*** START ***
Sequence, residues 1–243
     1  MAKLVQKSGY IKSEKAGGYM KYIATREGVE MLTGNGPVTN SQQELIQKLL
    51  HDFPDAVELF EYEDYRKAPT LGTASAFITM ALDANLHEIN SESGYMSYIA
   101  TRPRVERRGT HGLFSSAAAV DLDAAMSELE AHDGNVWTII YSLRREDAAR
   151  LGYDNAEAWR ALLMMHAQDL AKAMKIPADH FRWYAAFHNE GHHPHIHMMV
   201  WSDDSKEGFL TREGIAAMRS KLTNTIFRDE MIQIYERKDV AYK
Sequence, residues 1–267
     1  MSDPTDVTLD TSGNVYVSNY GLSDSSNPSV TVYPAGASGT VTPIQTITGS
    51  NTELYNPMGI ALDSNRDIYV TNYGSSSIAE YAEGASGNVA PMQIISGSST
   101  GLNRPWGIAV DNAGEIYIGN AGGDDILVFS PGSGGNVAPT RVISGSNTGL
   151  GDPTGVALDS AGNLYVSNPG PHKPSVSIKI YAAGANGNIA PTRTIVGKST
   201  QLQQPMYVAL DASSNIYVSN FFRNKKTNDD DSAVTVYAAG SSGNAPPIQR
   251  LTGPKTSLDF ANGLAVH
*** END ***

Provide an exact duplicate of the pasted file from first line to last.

Sequence, residues 1–243
     1  MAKLVQKSGY IKSEKAGGYM KYIATREGVE MLTGNGPVTN SQQELIQKLL
    51  HDFPDAVELF EYEDYRKAPT LGTASAFITM ALDANLHEIN SESGYMSYIA
   101  TRPRVERRGT HGLFSSAAAV DLDAAMSELE AHDGNVWTII YSLRREDAAR
   151  LGYDNAEAWR ALLMMHAQDL AKAMKIPADH FRWYAAFHNE GHHPHIHMMV
   201  WSDDSKEGFL TREGIAAMRS KLTNTIFRDE MIQIYERKDV AYK
Sequence, residues 1–267
     1  MSDPTDVTLD TSGNVYVSNY GLSDSSNPSV TVYPAGASGT VTPIQTITGS
    51  NTELYNPMGI ALDSNRDIYV TNYGSSSIAE YAEGASGNVA PMQIISGSST
   101  GLNRPWGIAV DNAGEIYIGN AGGDDILVFS PGSGGNVAPT RVISGSNTGL
   151  GDPTGVALDS AGNLYVSNPG PHKPSVSIKI YAAGANGNIA PTRTIVGKST
   201  QLQQPMYVAL DASSNIYVSN FFRNKKTNDD DSAVTVYAAG SSGNAPPIQR
   251  LTGPKTSLDF ANGLAVH